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Taoism and Christianity

Discussion in 'Interfaith Discussion' started by lunamoth, Jul 30, 2006.

  1. lunamoth

    lunamoth Will to love

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    Hi Friends, The aim of this thread to explore Taoism in comparison and complementation to other religions, esp. Christianity. I have not yet done much reading in Taoism; I plan to start with The Way of Life According to Lao Tzu (Lao Zi), so in way I'm looking for people to explore the path with me. If you have studied Taoism to any extent, I'm particularly interested in your participation if you are willing.

    So, my first question is whether you think that Taoism is compatible with Christianity, i.e., could a Christian also be a Taoist?

    Is there any relationship (historical, ideological, metaphorical, cosmological) between the two?

    How might the priciples or practices of Taoism conflict with those of Christianity?

    Anyway, sorry this is such a meager start. I hope to have more input as I progress in my reading and research, but for now any thoughts you all have would be of interest.

    luna
     
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  2. fantome profane

    fantome profane Beyond your borders do not live a lesser people..
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  3. Scarlett Wampus

    Scarlett Wampus psychonaut

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    So, my first question is whether you think that Taoism is compatible with Christianity, i.e., could a Christian also be a Taoist?

    Lunamoth there was a thread a while ago, 'Compare Lao Tzu to Jesus', that you might find interesting regarding this. The short answer is...maybe! Tao Chia (philosophical Taoism) lays down so very little in the way of metaphysical concepts, and Tao, the Way, is not codifiable. Because of this vagueness Tao Chia is not much like a religion and is therefore quite flexible to interpretation. In that thread above it was mentioned that to most interested in Tao Chia it would not seem contradictory for there to be Christian Taoists or Atheist Taoists, but a Christian Atheist is much harder to imagine. Um...I googled and found this: -

    From the point of view of a Christian reading the above I imagine Taoism might best be thought of as an agnostic or apophatic approach towards God. Otherwise Taoism and Christianity may conflict on the concept of God. For instance, many influenced strongly by Tao Chia in the West feel that fixed ideas (if any) about God, and indeed The Way and the Life personified by Christ, are anthropomorphic overlays upon nature. That is, rather than representing fundamental forces in the universe they are human constructs (The Way is not codifable, etc.) There is much room for interpretation but head too far in the direction of rigid metaphysical beliefs that are not open to question and the spirit, not to mention the primary principles, of Tao Chia will be lost.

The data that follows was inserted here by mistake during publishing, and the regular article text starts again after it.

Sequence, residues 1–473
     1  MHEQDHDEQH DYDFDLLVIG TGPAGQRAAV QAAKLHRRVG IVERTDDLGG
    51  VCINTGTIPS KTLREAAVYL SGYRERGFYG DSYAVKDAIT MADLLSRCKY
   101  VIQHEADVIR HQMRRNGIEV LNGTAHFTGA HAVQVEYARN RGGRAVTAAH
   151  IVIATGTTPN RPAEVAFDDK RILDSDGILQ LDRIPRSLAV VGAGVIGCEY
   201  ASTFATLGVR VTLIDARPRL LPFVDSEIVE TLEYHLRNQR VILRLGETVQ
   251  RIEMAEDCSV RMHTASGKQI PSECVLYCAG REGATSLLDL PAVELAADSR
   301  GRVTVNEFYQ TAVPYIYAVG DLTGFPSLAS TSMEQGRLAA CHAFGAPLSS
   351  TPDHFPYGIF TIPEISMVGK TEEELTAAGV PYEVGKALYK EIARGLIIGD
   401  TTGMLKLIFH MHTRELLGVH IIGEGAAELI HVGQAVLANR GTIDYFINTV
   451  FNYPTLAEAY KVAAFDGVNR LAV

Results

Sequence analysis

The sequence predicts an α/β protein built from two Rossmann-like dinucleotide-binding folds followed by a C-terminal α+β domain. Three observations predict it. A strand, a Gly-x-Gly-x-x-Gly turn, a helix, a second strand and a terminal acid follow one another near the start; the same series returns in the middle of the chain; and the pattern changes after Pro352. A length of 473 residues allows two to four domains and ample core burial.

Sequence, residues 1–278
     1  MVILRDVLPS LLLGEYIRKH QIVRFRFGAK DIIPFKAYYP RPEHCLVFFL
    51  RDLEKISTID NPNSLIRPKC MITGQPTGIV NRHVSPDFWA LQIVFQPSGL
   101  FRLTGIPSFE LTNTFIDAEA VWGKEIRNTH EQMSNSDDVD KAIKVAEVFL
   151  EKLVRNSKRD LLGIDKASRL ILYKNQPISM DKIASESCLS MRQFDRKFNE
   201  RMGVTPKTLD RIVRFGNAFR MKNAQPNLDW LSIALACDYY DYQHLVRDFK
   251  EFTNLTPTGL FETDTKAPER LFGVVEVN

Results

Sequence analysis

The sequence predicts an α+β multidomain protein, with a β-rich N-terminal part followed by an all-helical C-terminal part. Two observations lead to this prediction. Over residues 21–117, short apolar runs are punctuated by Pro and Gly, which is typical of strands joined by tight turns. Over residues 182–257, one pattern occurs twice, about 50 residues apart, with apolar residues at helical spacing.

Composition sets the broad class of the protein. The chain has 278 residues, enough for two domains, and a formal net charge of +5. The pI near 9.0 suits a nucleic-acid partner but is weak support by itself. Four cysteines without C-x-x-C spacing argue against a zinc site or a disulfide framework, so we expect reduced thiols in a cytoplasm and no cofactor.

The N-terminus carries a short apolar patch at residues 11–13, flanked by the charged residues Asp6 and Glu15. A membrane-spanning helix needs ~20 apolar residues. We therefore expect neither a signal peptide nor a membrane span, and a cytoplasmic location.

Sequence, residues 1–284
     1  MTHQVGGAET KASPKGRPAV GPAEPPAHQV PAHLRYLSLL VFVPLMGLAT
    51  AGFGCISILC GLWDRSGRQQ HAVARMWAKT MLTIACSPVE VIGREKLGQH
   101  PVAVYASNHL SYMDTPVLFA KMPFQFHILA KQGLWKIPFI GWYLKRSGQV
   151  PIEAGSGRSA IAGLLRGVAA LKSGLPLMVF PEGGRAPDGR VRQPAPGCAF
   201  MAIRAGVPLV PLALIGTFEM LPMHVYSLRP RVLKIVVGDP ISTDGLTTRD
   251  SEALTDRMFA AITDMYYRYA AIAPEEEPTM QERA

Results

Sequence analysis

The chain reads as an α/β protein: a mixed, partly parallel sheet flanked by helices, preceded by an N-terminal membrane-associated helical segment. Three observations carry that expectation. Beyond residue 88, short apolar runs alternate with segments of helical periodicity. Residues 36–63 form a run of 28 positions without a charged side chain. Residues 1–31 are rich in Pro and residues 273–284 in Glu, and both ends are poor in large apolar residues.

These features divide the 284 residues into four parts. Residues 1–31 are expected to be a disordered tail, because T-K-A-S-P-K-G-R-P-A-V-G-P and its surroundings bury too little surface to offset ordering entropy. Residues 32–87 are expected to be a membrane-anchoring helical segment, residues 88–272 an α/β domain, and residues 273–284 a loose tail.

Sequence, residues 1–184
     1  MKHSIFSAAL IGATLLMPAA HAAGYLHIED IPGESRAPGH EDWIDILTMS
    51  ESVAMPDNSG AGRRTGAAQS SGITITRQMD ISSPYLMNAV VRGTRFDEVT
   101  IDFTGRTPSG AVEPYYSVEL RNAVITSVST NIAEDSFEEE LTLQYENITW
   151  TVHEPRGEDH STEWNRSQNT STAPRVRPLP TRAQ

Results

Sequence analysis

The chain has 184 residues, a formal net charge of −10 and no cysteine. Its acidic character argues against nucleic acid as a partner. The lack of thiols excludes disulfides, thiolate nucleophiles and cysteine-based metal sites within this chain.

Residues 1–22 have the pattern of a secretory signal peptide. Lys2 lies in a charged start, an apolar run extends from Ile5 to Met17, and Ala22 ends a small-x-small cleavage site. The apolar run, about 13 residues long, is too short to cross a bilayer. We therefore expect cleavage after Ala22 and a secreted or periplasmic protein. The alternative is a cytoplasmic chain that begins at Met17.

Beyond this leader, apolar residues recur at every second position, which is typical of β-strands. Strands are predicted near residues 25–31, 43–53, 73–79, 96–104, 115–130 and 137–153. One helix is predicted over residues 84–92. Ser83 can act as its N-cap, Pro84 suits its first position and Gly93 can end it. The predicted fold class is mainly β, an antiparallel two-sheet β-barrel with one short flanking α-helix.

Is there any relationship (historical, ideological, metaphorical, cosmological) between the two?

    Virtually none!

    How might the priciples or practices of Taoism conflict with those of Christianity?

    Other than what I've already mentioned above its a confusing question. I saw a thread 'The Problem With Christianity' pop up in Tao Speaks forum recently. It was meant as a space to examine conflicts between Taoism and Christianity that people had encountered but so far no one has had anything to say worth noting here.

    The many religious sects of Taoism (Tao Chiao) may conflict simply because they are so very different to Christianity, but that's a huge subject and way beyond the scope of this thread in its meager beginnings :)
     
  4. JerryL

    JerryL Well-Known Member

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    I'd have to ask "which"?

    Are we discussing purely philosophical Taoism, or the Taosim practiced by the indegenous peoples? Which Christianity? The one that thinks there are multiple ways to heaven or theone that doesn't? The one that asserts a quazi-literal Bible, or the one that sees it as inspired?
     
  5. ChrisP

    ChrisP Veteran Member

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    This thread is a topic that's been discussed at length in the Taoism forums, and reading what Master Vigil had said regarding their differing method's of teaching in particular had an impact on my thinking regarding Tao a few months back.

    Regarding humility there is certainly a difference there. Lao Tzu didn't even hand down his name (Lao Tzu means (Lao)"Aged/venerable" (Tzu)"Nobleman/boy/Master"), and only wrote down his mindset when pressed.